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Tue, Nov 21, 2017 06:04 AM
Wednesday, March 8, 2017 issue

This n' That


The new mayor steps in


ARH
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01/10/2007 - The recent inauguration of county and city officials across the Big Sandy area reminded me of a time when a cub reporter (i.e., yours truly) got his first taste of covering a new administration.

The time was 1986, the place was Paintsville and the new administration was that of a new mayor, Robert Wiley. It was an exciting time because Wiley had replaced a long-time mayor, the late James Trimble, and changes were in store for the city of Paintsville.

Wiley was the type of official who didn't care to speak his mind at public meetings, and such bluntness always makes for a good story. At the time, I was the news director at WSIP radio and had the advantage of playing sound bites on my newscasts of the meetings I covered. The one and only advantage that radio news has over newspapers is that no one can accuse a radio reporter of misquoting them since their comments are preserved on audio tape for everybody to hear. During one of his initial meetings as the new mayor, Wiley said that he intended to enforce the city's leash law because the town had a problem with stray dogs. Among other things, Wiley said he was tired of stepping in dog excrement all the time, but that wasn't the word he used. He used the politically incorrect word that we all say in private but would never think of repeating during a public meeting. Wiley's comment brought laughter from the audience and a heck of a good sound bite, but I knew I could never use it on my broadcast — at least not in its entirety.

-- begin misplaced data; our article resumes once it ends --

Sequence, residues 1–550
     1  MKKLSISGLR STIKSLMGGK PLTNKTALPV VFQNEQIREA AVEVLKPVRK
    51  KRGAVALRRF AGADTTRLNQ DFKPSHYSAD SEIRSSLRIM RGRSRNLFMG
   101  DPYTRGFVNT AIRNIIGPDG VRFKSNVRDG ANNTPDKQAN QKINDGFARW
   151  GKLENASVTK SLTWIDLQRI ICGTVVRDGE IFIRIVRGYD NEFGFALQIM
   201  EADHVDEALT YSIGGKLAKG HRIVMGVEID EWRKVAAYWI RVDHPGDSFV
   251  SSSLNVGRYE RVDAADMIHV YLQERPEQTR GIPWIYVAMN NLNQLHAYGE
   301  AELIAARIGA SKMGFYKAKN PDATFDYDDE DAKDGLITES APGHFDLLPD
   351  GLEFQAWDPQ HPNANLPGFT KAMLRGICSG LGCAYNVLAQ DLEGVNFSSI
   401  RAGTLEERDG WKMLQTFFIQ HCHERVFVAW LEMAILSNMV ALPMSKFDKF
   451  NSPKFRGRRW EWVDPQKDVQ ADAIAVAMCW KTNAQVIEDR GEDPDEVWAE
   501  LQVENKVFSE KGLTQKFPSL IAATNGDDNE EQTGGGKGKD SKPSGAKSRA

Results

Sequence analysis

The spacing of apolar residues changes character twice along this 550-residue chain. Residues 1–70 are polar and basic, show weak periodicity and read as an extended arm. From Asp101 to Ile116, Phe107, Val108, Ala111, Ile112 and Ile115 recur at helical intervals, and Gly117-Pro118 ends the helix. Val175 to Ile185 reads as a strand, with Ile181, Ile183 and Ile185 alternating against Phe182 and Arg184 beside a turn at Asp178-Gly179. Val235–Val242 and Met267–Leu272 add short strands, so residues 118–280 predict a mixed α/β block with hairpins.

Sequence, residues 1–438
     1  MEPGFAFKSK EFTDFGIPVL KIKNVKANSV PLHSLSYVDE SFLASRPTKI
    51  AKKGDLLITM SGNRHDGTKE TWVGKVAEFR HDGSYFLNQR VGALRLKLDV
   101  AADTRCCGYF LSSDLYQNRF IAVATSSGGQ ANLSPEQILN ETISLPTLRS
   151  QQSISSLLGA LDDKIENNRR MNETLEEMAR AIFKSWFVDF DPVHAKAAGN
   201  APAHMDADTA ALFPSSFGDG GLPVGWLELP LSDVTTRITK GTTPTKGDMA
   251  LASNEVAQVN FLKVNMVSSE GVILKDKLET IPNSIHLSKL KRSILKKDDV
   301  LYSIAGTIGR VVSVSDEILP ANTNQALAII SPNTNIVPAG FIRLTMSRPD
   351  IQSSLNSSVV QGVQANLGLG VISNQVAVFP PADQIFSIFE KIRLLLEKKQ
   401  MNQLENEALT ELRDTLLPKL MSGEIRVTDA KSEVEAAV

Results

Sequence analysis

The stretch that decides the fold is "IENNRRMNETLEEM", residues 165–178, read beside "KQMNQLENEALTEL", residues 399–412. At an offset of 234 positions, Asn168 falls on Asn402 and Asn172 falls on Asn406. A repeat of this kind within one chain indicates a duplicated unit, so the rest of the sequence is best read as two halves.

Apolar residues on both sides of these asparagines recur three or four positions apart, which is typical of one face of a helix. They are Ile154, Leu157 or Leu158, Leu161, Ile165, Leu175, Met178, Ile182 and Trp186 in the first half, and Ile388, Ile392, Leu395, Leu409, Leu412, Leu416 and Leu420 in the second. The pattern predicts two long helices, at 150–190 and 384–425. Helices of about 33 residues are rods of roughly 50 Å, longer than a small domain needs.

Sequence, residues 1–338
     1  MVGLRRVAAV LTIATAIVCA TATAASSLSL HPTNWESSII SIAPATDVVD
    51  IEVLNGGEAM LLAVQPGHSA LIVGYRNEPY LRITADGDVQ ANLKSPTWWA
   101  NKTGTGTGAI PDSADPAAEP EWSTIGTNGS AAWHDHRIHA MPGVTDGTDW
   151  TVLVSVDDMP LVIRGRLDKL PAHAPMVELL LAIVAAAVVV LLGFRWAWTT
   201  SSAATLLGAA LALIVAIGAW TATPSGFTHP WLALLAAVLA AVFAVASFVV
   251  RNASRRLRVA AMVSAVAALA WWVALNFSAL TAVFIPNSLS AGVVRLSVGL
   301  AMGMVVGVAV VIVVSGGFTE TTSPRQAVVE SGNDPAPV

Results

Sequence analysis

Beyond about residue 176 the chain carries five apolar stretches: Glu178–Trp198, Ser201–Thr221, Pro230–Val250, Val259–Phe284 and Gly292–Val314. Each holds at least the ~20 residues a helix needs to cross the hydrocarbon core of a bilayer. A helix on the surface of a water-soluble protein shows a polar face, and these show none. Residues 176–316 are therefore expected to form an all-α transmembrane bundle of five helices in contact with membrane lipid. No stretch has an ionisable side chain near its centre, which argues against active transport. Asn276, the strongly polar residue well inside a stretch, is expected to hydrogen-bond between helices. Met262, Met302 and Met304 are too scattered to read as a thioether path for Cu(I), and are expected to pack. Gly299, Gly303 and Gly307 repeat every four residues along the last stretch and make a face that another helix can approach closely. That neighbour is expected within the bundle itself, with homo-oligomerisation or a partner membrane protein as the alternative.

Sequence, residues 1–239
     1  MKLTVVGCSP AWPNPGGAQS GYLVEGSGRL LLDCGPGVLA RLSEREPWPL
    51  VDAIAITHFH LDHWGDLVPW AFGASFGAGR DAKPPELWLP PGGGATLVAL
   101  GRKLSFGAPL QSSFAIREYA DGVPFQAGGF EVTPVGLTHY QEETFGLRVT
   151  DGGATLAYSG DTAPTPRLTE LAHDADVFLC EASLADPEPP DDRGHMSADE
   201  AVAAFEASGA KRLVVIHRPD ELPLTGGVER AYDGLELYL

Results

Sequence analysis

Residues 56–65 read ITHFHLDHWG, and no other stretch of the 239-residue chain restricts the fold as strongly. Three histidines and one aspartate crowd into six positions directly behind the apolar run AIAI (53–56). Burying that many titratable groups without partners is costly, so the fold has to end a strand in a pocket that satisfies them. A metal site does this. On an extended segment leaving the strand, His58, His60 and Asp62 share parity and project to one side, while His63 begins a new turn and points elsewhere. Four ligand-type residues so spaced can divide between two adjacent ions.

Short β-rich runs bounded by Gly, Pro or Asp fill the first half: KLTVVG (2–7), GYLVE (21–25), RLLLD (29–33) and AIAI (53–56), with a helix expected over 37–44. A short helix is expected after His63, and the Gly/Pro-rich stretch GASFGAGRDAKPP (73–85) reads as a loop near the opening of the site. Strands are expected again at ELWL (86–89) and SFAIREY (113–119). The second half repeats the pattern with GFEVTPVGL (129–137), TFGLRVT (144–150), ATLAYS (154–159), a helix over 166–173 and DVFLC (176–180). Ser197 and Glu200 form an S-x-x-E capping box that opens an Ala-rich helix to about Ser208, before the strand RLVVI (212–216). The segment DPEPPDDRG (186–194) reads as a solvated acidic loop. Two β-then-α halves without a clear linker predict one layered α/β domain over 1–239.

After the meeting, I went back to the radio station to write the story and struggled with what to do about the dog "excrement" situation. The mayor's comment was too good to ignore, but I knew the language he used would offend many of our listeners, so I solved the problem by bleeping out the offensive part of the sound bite. When it hit the airwaves, the new mayor was heard saying that he was tired of stepping in dog (bleep) all the time. I'm sure the audio bite still offended some listeners, but at least they didn't have to hear their new mayor cussing on the air.

These days, of course, such language probably wouldn't offend a lot of people who are used to hearing and seeing a lot worse in the broadcast media. Back then, though, it wasn't acceptable, especially in a small town.

I don't think Wiley liked the fact that the sound bite was played at all, but he should have thought about that before he said it. Anything that happens during a public meeting is in the public domain, and the press has a right —not to mention a responsibility — to report it.

New officials should keep that in mind before they start accusing the media of trying to make them look bad.

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